The Botched Ballot

Why even failed elections are good for democracy.

One of the enduring legacies of George W. Bush's magic-realist foreign policy was the discrediting of the word "freedom." The failure of Bush's "Freedom Agenda" made democracy promotion seem like a particularly inexcusable form of naiveté. Didn't he understand that elections are not democracy? Candidate Barack Obama seized on this self-evident proposition to belabor Bush. "We do need to stand for democracy," Obama declared in a 2007 speech. "But democracy is about more than a ballot box." FDR, he noted, hadn't even included voting in his famous 1942 "Four Freedoms" speech.

Well, he should have. The parliamentary elections in Egypt, which, despite widespread expectations, have been almost perfectly peaceful, have put that country's military rulers on the defensive in a way that the demonstrations in Tahrir Square have not. And, even more remarkably, the elections in Russia, which the ruling party managed to win through transparent fraud, have galvanized the public against their cynical and contemptuous rulers in a way no one could have predicted. Elections matter quite independently of who wins them. Elections don't make a democracy, but they can make a democratic citizenry.

Why did tens of thousands of people flood the streets of Moscow in the aftermath of Sunday's election? Because, as Foreign Policy's Julia Ioffe has written, they were insulted. The primary insult, as Ioffe notes, may not have been the brazen ballot-stuffing, but the nonchalant announcement six weeks earlier that Vladimir Putin and Dmitri Medvedev would be switching jobs, with the former becoming president once again and the latter, prime minister. That announcement provoked disgust, but it was the election -- by offering vivid and dramatic proof that Russia's leaders consider their own people irrelevant -- that brought people into the streets.

Elections are not just exercises in determining political majorities. "They're also a way to gauge how people are treated in society," says Ken Wollack, president of the National Democratic Institute. "Every institution in the country -- government, parties, the press, the judiciary, the military, police -- are working at the same time." That's why rigged elections can prove to be such electrifying, unifying events.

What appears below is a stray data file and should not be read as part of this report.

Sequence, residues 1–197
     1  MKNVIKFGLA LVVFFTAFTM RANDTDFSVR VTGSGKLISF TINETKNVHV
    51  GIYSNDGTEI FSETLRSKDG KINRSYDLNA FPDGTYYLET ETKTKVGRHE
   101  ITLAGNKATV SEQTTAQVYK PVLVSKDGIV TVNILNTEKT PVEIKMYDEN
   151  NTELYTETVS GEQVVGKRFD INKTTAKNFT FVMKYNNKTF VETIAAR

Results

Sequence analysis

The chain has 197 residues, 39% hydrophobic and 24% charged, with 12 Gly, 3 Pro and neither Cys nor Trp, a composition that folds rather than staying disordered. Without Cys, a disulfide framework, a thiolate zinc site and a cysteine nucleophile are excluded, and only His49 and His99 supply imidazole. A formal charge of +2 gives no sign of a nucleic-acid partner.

There's a very specific history of such events that begins in Nov. 1986, when Ferdinand Marcos, the Filipino kingpin, staged the kind of electoral farce he had long since mastered. Both domestic and American election observers exposed the fraud -- a first in the Philippines. Massive public demonstrations forced Marcos from office within four months. More recently, the "Color Revolutions" in Eastern Europe occurred in the aftermath of fraudulent elections. And last year, Laurent Gbagbo, the president of Côte D'Ivoire, provoked a civil war when he cheated his opponent out of office. Now his opponent is president and Gbagbo faces charges of crimes against humanity before the International Criminal Court.

The problem for the dictator is that he cannot know -- or in any case almost never does know -- when a ritualistic or rigged election will provoke fury rather than a resigned shrug. Autocrats depend on a sense of learned futility; as soon as people begin to hope for better, the election becomes a vehicle for those hopes. For decades, Egypt held non-competitive elections that sent government loyalists to parliament; turnout was often under 10 percent. Then semi-free elections in 2005 created a real parliamentary opposition in the form of 88 members of the Muslim Brotherhood. In the next election, late last year, President Hosni Mubarak simply eliminated the problem by ensuring that no member of the Brotherhood -- not one -- was returned to parliament. The sheer egregiousness of the fraud, the implicit sense that Mubarak felt he could get away with anything, shocked Egyptians, and stoked the fury which exploded just over a month later in Tahrir Square.

You have only to compare that election to the one now underway to see how far Egypt has come in a very short while. The analysis in the United States has focused on the outcome, with Islamists taking over 60 percent of the vote so far. But that may not be what matters most to the Egyptian people themselves, millions of whom have waited patiently for hours to cast the first ballot of their lives that actually matters. One rural voter told the New York Times' David Kirkpatrick, "We are saying, ‘Here is the will of the people,' and the people's will can stand up to any institution, including the military council." And the council, in fact, has suddenly reversed a policy that would have ensured it a major role in writing a new constitution. The election itself has created a new legitimacy the military government has felt compelled to acknowledge.